To add to John Thacker’s comments, I think the effort required from existing GSM operators to get to LTE has been understated as well. If one is a GSM operator (TDMA-based), also with UMTS (CDMA-based) then “migrates” to LTE (OFDMA-based) are the tower headframes going to collapse under the weight of all the different antennas ? I guess the industry is hoping that with so many operators going through the same pain it will be somehow less difficult.

  3. Om,
    I would also look to NTT DoCoMo for leadership in this arena (no surprise right). At the CTIA show last week, they too showed off a glimpse of LTE (and beyond). They also announced in a press release on March 26 of this year that achieved speeds of 250Mbps for the downlink. The press release can be found here: Also, they are defining LTE as “Super 3G”, and have an even more advanced road map for what they term as 4G. Their press release includes a very nice PDF roadmap that you might find interesting.

  4. John Thacker

    To emphasize what Jahangir Raina said, the reason that Verizon, Sprint, KDDI, Korea Telecom, and all the other IS-95/CDMA operators went with CDMA2000 for 3G is that, while UMTS and CDMA2000 are relatively similar in having CDMA air interfaces and bandwidth, CDMA2000 was a very painless upgrade path for the IS-95 operators, with both towers and phones easily backwards compatible since IS-95 was already CDMA. By contrast, while GSM has a lot of nice features like SIM cards (which are put into the standard unlike IS-95), the original GSM TDMA air interface is highly incompatible with all 3G technologies, including UMTS. That’s why the 3G transition was much more painful for GSM operators. IS-95 came out after GSM was developed; the various issues with CDMA air interfaces like multipath interface were thought to be insurmountable from a practical perspective until Qualcomm solved them. That’s why they have those patents, and why they get money even from GSM (for UMTS.)

    The difference is that all the 4G solutions are OFDMA, not CDMA like the 3G solutions. Transitioning to 4G is going to produce compatibility headaches for the operators no matter what they choose. This time, without the CDMA2000 operators having the option of a very painless upgrade, there’s a much greater chance that they’ll go with the more dominant standard.

  5. tc1uscg

    What people keep forgetting, LTE (and as Sprint has pointed out and media keeps ignoring) is, cell towers have mostly T1 lines running to them. You need to put the bandwidth 4G requires on something and current T1 lines can’t handle it. Sprints “logistical” problems? Backhaul. Not the one at the CO’s, but the ones from the POP’s to the tower. People keep going off about LTE and how it’s so golden as compaired to Wimax. Don’t forget, in the lab, LTE looks great. But put it out in the REAL WORLD and it will run into the SAME issues wimax is having. It’s going to be no faster then the copper it rides to the pop. It’s going to cost AT&T and VZW big bucks to overcome this, unless they rush to set up microwave links. Again, costly.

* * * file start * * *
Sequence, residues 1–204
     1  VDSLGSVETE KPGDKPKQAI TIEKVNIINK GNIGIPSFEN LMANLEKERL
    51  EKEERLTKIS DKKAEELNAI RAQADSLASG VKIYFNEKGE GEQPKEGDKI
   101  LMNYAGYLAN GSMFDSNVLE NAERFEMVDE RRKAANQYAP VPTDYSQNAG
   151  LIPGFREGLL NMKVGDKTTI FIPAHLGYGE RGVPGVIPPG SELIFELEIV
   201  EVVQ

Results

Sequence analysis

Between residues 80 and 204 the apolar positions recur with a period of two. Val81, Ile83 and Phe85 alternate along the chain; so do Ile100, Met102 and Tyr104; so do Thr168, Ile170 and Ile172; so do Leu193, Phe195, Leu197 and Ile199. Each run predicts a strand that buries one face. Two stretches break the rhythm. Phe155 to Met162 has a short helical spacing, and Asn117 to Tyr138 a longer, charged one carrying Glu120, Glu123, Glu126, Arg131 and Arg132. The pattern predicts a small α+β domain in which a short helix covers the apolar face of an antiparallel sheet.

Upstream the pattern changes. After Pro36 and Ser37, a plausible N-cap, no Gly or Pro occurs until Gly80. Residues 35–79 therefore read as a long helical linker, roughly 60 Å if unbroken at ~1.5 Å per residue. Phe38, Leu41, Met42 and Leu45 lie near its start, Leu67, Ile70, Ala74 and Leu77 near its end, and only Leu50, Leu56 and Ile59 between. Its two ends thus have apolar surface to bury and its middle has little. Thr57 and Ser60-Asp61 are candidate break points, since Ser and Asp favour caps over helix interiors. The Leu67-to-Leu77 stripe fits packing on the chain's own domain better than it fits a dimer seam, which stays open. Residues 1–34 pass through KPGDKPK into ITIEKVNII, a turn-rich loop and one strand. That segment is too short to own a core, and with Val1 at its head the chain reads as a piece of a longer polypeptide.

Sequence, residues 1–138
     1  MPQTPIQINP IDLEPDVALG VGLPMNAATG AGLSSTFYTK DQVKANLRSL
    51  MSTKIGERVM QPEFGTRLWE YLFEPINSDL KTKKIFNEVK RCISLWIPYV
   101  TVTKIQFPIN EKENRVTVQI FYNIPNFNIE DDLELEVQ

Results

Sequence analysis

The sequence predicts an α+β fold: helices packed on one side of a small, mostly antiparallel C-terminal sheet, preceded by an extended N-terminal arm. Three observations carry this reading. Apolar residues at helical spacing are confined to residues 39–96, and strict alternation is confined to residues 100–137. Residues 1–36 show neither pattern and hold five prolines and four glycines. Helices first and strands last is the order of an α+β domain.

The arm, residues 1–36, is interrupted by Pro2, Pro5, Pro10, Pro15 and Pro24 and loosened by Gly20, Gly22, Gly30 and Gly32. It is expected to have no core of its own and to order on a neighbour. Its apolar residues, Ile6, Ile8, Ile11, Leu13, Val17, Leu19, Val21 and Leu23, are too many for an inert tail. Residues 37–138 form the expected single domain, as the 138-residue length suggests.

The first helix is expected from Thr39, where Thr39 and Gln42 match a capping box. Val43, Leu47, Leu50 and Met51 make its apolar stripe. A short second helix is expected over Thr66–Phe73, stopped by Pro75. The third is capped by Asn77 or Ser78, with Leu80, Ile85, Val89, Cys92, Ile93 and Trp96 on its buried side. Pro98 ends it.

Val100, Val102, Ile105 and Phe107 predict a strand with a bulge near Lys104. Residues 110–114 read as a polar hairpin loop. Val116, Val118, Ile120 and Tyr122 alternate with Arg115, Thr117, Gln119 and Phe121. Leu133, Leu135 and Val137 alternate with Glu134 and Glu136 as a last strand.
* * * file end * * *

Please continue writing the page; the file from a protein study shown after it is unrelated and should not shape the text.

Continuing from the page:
6. Nick L

    Not knowing LTE too much, I’m just wondering with 100 Mbps download, what kind of backhaul would be needed from the basestations to the core network? Would this drive new demands for “fix” broadband e.g., fiber, etc?

  7. Migrating legacy networks has never been easy for operators. No matter how much you tweak things, there will always be certain inflexible legacy elements that will limit the potential of a network. Most of the time it makes sense to build a new house rather than renovate an old one. Look at the wireline guys. They have not been able to bridge the narrowband and broadband at all. All such projects have failed. So what we are left with is two parallel networks. Same will happen with the cellular guys implementing LTE. They will end up with seperate wireless data network (which will ultimately consume apps) and narrowband gsm voice network.

  8. On its 700 mhz conference call last week, the Verizon folks reiterated taht China Mobile is a participant in its LTE testing process (along with Vodafone of course). So I wouldn’t be surprised to see the Chinese market tip toward LTE in due course. India may be a different story, of course.

  9. Om,

    Nice article. LTE got ahead the moment Vodafone threw its weight behind it and also suggested that Verizon was going to take it up. Besides, the backing for LTE from most European companies coupled with Qualcomm’s aggressive development activities is also a good sign that this standard will win the 4G race. Remember that UMB is almost Qualcomm’s proprietary technology. Qualcomm also purchased the mobile WiMAX division of TeleCIS last year. The fact that the company has moved full steam with LTE tells a lot.

    I maintain a blog covering mobile wireless value chain. I am currently covering various chipset vendors to build a matrix in collaboration with Sramana Mitra. I have covered Qualcomm, Broadcom, InterDigital and TI so far and have moved on to Marvell now. I have also talked about the various 4G technologies and how it affects the strategies of these companies. You can read my insights from

    Hope my site helps your research. I look forward to your matrix and analysis.

    Vijay Nagarajan

  10. If Verizon and Vodafone move to LTE in the future, does this mean that you could roam the world with a single phone? Like a present day GSM phone?